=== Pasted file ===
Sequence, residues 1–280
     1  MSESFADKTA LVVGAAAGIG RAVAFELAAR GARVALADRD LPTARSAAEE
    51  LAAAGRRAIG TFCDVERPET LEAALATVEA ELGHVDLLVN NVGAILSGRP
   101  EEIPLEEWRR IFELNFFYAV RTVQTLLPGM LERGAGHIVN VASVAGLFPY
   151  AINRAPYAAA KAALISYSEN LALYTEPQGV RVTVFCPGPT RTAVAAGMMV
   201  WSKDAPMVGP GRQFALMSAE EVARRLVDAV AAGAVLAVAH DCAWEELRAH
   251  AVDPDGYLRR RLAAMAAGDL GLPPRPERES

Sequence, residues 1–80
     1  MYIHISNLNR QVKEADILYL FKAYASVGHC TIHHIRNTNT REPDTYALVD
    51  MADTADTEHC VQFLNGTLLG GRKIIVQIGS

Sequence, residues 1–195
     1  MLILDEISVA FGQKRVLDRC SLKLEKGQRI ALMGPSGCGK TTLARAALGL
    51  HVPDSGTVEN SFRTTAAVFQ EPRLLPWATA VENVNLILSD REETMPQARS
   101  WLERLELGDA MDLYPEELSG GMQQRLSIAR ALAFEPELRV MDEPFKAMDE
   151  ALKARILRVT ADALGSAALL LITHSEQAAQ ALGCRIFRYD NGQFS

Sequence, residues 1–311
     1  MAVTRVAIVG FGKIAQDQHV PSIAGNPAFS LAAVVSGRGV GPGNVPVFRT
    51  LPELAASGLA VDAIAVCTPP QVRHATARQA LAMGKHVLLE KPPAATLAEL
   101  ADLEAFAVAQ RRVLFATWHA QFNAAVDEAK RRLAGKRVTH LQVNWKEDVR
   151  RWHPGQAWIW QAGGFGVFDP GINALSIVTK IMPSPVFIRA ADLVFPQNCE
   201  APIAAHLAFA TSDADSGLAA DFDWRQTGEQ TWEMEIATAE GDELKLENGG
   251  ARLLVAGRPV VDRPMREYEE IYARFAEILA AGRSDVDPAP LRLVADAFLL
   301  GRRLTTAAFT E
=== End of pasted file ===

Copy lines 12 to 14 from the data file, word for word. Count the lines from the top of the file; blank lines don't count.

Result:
     1  MLILDEISVA FGQKRVLDRC SLKLEKGQRI ALMGPSGCGK TTLARAALGL
    51  HVPDSGTVEN SFRTTAAVFQ EPRLLPWATA VENVNLILSD REETMPQARS
   101  WLERLELGDA MDLYPEELSG GMQQRLSIAR ALAFEPELRV MDEPFKAMDE